A data center shared by the University of Lorraine, Nancy-Brabois University Hospital (CHRU) and the Greater Nancy Metropolis, located in Vandoeuvre-lès-Nancy, France, has been inaugurated.

The facility has been named the Datacenter Mutualisé Lorrain (DCML).

– University of Lorraine

The data center, located on the Jean Zay campus of the 'National Center for Scientific Research' (CNRS), has been in production since October 2023.

The facility spans 1,600 sqm (17,220 sq ft), with 700 sqm (7,535 sq ft) of IT space. The site's shared data center rooms are for use by researchers at the university, including supercomputing-type capabilities, as well as hosting its distant learning platforms. A separate area is also used for medical data from CHRU patients.

The IT capacity of the facility has not been shared, nor details of any hardware. DCD has contacted the operators for further information.

The development required €8.24m ($8.92m) in investment of which €3.26m ($3.53m) was provided by the European Union as part of the FEDER-FSE Lorraine and Vosges massif operational program 2014-2020, another €3.26m ($3.5m) by the University of Lorraine, €1.57m ($1.7m) by the university hospital and the remaining €637,000 ($689,290) by the greater metropolis.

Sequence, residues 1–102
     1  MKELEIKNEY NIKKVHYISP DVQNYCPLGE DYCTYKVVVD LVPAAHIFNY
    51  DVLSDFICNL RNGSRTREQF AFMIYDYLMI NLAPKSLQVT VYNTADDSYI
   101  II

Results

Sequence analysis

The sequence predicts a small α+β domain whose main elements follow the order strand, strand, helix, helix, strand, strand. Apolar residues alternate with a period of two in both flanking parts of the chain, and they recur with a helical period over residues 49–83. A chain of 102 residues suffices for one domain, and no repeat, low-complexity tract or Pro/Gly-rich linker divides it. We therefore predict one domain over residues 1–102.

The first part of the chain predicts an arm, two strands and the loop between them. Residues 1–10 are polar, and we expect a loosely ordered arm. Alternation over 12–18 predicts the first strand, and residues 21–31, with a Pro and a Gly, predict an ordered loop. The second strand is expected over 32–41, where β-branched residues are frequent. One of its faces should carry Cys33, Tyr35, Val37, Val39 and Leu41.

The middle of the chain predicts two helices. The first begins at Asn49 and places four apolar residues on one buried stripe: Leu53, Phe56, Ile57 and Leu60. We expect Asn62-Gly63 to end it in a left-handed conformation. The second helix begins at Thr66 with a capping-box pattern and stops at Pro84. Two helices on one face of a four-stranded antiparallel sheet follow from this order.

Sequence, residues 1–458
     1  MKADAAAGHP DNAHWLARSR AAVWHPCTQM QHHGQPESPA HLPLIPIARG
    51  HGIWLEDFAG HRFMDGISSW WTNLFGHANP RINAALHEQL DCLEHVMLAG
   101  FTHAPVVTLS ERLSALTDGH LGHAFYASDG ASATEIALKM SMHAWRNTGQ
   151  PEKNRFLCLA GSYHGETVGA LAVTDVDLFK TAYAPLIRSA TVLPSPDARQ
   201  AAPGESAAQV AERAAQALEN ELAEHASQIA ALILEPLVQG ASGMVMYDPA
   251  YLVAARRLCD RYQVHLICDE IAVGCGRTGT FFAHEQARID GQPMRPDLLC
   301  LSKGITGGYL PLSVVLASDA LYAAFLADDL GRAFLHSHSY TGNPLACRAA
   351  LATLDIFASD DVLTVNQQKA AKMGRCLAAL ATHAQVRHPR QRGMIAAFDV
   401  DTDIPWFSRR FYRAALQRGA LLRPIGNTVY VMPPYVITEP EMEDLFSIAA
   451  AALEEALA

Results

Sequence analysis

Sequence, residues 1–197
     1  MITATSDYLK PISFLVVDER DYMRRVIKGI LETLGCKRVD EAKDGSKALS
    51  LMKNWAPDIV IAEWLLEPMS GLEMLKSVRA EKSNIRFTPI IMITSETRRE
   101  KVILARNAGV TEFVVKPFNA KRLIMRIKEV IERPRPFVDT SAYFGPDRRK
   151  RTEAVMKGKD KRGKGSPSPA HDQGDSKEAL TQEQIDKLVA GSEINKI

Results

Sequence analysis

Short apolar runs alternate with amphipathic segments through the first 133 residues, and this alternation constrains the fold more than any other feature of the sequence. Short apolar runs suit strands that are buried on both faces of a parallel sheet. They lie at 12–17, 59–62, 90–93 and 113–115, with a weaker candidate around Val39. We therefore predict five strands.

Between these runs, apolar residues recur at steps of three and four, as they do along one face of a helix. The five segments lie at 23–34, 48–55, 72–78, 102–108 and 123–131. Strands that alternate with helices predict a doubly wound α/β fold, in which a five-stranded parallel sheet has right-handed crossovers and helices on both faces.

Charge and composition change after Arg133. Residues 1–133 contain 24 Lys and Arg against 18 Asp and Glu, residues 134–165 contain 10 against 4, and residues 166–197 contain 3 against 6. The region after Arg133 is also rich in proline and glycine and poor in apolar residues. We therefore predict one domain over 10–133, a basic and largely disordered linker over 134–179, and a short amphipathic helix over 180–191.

Waste heat from the data center will be sent to the district heating network in the Greater Nancy Metropolis, which is expected to improve the energy efficiency of this data center compared to the previous one by at least 20 percent.

The building housing the data center, also known as the Apollo building, was built by architect Jean Nouvel and previously housed the documentary collection of the Institute of Scientific Information of the CNRS for close to 40 years, before being transformed as a digital storage location.

Prior to the development of the shared DCML, the three entities had separate data centers. They decided to pool their resources in June 2019 and began developing DCML not long after, with Olivier Gasser, infrastructure manager at the Greater Nancy Metropolis arguing that the move has improved the security of the data: “Rather than having an infrastructure in each municipality to protect, we will have centralized security equipment.”

At the time of the original announcement, the data center was expected to cost around €5.3m ($5.74m) and to be completed in 2022.

The data center is one of three sites that make up the Grand Est Data Center of the ESR, including that of the University of Strasbourg and the University of Reims Champagne-Ardenne.